Last year there were worldwide concerns for Ai’s safety prompted by his disappearance after arrest in China. He was released nearly three months later after purportedly admitting to tax evasion, but barred from discussing his case publicly, using Twitter, or leaving Beijing without permission. Ai has since denied owing the money, and said that during captivity he was interrogated about his subversion of state power, rather than his financial accounts. Ai is openly critical of the ruling communist party’s approach to democracy and human rights.
I’d followed Ai’s story in the news, and went along to the screening with a desire to find out more about his work as an artist. The screening was introduced by Plymouth College of Art Principal Professor Andrew Brewerton, who is an Honorary Professor of Fine Arts at Shanghai University. He highlighted that the pronunciation of Ai’s company name, Fake, is provocatively “fuck” in Chinese.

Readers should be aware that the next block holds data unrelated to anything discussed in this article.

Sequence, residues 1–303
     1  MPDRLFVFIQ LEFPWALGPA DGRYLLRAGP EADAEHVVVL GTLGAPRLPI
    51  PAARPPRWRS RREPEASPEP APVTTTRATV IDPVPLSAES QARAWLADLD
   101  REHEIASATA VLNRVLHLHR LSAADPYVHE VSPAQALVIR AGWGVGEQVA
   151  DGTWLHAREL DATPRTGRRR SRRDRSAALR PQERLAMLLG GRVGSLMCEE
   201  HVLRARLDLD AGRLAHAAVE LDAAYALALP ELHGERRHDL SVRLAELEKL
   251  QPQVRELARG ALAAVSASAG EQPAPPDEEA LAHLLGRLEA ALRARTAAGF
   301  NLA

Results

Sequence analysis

For Fairytale, Ai ambitiously brought 1001 Chinese citizens to Kassel. The documentary shows the arduous process of getting visas in place – some of the women from rural locations had no officially recognised name, and had to register one for the first time. The film also captures those who were refused permission to leave the country, such as a policeman, made redundant for his uncensored blogging and honesty about the state torturing suspects.
The labour involved in this project was intensive, Ai and his team planned everything down to the last detail, right down to designing the dorms that the visitors stayed in. The documentary captures Ai even planning meal by meal what catering will be on offer.